February 14, 2016

Leaving Our Egypt

Posted in Faithfulness of God, Teaching tagged , , , , , , , , , at 1:27 pm by tclickenger

As I am sure most posts start, this has been on my mind for a few weeks now.  Percolating I guess.  The topic of this post is the Hebrew word “mitzraim.”  This is a very obscure topic among us non-Jewish people and without intentionally searching out the topic the chances of encountering it are fairly remote.  So it has been surprising to me that information about “mitzraim” has been coming to me from sources consistently all this week.

One of the insights came to me through a video a friend of mine shared on Facebook.  The video was of a Jewish rabbi, Dr. Abraham Twerski (who is also a practicing psychologist specializing in addictions), describing how lobsters grow.  It is a great clip and a fantastic introduction to this blog.  I invite you to take a look then come back and continue reading.

http://www.jinsider.com/videos/vid/393-rabbi-dr-abraham-twerski/7895-responding-to-stress.html#7895

That thing that the lobster feels is “mitzraim.”  What mitzraim means is constriction or tightness.  The root of the word means constriction but it can also mean distress as it is translated in most of our English translations in this verse,

Psalm 118:5, “From the distress (or constriction: hametzar – singular version of mitzraim) I called to God, He answered me in divine spaciousness.”

When we feel severe distress we often feel as though our own chest is constricting our heart. I believe this is the feeling that David is describing in this psalm. I believe David understood the spiritual condition of constrictions in our soul. I believe he also understood the contrasting condition brought by God’s abiding presence in our life, divine spaciousness.

The interesting thing about “mitzraim” is that it also means Egypt.  This adds a whole new dimension to the Exodus story. With this new dimension the story is no longer just about the children of Israel, but is now also a story about you and me.  Since we live in a free and democratic society it is hard to identify ourselves with slavery, even harder to believe that, apart from God’s intervention, we are in fact a slave.  Just as Jesus told us.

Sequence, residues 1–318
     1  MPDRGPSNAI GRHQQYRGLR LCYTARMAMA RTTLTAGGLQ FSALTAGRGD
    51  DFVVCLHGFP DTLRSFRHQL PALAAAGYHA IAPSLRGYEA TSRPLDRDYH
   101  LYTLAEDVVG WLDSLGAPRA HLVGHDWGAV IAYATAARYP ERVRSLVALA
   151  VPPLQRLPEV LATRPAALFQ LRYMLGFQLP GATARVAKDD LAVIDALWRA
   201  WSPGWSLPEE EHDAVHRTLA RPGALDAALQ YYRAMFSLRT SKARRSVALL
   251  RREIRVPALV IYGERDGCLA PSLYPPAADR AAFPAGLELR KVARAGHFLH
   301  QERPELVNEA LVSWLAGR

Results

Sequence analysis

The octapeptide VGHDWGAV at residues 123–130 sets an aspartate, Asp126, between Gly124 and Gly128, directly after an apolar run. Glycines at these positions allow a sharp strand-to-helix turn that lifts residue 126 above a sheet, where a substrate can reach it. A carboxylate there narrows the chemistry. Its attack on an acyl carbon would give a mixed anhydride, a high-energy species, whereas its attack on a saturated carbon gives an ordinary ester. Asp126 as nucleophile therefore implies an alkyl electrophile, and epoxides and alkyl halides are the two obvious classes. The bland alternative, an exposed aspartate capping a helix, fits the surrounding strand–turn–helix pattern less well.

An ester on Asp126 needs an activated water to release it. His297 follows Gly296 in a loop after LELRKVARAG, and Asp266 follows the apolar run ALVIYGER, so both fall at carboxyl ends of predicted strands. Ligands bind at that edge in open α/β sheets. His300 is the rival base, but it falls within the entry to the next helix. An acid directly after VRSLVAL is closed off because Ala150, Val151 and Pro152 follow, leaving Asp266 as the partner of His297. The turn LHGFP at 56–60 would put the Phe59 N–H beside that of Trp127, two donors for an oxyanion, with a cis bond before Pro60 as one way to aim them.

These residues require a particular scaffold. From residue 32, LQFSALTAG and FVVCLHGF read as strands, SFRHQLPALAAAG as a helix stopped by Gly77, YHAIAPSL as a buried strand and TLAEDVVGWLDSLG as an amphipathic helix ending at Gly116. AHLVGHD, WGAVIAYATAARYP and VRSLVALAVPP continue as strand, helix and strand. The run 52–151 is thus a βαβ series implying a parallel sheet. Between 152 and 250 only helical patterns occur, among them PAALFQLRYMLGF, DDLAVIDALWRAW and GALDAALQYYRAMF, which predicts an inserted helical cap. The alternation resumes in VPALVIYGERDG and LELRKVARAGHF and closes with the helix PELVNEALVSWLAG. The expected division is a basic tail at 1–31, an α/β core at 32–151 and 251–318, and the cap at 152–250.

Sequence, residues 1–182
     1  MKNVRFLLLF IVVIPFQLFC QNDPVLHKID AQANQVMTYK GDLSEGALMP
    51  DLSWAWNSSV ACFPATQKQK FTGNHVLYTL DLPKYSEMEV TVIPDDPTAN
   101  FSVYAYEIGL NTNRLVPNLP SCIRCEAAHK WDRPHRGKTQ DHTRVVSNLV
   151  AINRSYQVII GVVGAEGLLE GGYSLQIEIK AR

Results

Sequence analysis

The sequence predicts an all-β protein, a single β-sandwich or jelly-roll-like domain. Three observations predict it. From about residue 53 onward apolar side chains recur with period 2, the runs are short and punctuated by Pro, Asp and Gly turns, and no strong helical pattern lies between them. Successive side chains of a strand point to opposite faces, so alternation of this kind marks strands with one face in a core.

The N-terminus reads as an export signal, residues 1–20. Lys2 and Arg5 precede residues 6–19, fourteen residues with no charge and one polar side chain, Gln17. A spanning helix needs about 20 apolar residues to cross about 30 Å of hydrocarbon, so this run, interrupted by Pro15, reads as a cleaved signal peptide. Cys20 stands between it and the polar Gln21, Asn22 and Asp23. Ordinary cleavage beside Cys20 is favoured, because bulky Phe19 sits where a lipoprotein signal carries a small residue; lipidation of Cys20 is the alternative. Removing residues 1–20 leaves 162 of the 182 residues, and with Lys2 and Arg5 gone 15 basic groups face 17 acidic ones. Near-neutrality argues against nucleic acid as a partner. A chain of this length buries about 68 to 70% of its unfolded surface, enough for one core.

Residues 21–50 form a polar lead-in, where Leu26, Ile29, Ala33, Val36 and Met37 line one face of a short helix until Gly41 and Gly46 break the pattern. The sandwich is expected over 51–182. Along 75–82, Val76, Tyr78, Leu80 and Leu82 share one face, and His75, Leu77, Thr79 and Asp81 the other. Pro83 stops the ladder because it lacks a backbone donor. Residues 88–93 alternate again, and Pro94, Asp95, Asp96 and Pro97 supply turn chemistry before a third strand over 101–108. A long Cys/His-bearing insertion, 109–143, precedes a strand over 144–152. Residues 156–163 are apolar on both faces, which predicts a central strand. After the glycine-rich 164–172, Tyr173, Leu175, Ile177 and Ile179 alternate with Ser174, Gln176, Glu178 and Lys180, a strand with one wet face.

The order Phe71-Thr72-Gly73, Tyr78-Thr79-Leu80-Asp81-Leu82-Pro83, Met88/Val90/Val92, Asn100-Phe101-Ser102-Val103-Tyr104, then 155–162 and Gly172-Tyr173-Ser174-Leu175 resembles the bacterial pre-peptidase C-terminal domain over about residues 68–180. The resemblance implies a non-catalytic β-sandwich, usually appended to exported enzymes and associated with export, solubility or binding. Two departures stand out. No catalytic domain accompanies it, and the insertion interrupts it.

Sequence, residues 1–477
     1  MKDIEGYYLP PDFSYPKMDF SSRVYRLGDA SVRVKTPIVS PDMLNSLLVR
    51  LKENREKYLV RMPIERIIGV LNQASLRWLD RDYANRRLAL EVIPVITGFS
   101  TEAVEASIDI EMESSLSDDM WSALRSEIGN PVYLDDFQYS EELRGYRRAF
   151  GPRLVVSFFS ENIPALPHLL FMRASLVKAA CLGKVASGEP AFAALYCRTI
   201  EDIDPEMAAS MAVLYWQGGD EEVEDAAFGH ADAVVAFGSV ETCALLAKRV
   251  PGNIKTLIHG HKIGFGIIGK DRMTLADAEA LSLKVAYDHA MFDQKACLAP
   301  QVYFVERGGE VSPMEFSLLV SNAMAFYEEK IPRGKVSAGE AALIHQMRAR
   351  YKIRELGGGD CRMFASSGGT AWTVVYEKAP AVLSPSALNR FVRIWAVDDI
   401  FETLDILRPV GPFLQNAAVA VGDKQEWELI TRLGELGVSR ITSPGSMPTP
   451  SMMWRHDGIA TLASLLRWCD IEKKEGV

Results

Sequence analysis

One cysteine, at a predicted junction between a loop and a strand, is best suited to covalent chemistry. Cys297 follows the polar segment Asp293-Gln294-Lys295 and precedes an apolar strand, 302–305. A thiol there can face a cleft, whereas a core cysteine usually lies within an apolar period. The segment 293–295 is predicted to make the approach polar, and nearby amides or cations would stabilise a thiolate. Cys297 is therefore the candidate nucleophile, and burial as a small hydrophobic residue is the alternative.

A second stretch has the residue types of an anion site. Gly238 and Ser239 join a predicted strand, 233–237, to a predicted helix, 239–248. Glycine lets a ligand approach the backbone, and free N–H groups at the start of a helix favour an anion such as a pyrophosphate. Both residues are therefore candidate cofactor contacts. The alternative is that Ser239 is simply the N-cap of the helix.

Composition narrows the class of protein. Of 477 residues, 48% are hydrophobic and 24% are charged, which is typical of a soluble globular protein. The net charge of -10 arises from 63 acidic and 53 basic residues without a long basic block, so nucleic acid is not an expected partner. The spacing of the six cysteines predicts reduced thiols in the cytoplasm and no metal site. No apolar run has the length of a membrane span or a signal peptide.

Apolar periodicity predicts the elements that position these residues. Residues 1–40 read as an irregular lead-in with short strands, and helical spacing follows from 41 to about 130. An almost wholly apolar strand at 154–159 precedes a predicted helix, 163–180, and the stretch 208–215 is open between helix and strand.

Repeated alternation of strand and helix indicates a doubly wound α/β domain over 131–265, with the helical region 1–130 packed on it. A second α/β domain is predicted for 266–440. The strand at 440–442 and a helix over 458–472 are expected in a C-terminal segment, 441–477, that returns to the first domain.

John 8:34 NIV — Jesus replied, “Very truly I tell you, everyone who sins is a slave to sin.”

A slave to the demands of our flesh, the twisted desires of our soul and the influences of dark spiritual forces.  They straight-jacket us while we are in complete oblivion to the confinement our captors have put us in.  It sounds illogical, we become slaves by doing what we feel like doing when we feel like doing it with whoever we feel like doing it with.  That sound like freedom doesn’t it?  Then contrast that with what the Bible says, that we should obey, do this, don’t do that, it sounds very restrictive. Sound absurd doesn’t it. 

In fact, this thinking is captured well in a song from my youth. Let me share some of the lines from it. 

Living easy, living free

Season ticket on a one-way ride

Asking nothing, leave me be

Taking everything in my stride

Don’t need reason, don’t need rhyme

Ain’t nothing I would rather do

Going down, party time

My friends are gonna be there too

In case you didn’t recognize those lyrics, they’re from the song titled “Highway to hell” by the band AC/DC. 

But even as the song tells you, following your own whim and way is not the road to freedom. Not physical freedom or spiritual freedom. Those who have addictions are slaves to those addictions and it constricts the enjoyment of their life. Anyone who indulges in being lazy become enslaved by laziness and it limits their opportunities in life. Anyone who indulges in gossip become addicted to listening to and spreading gossip. It then restricts their relationships because they become know to be untrustworthy and disloyal. I could go on but ultimately, living life doing what you want when you want is the road to a torturous confinement. 

True freedom requires discipline and boundaries. That’s why God gives us His word, his instruction, to instruct us in how to live our life  in freedom. To show us where the boundaries are. That’s where I’ll continue on my next post in this series. 

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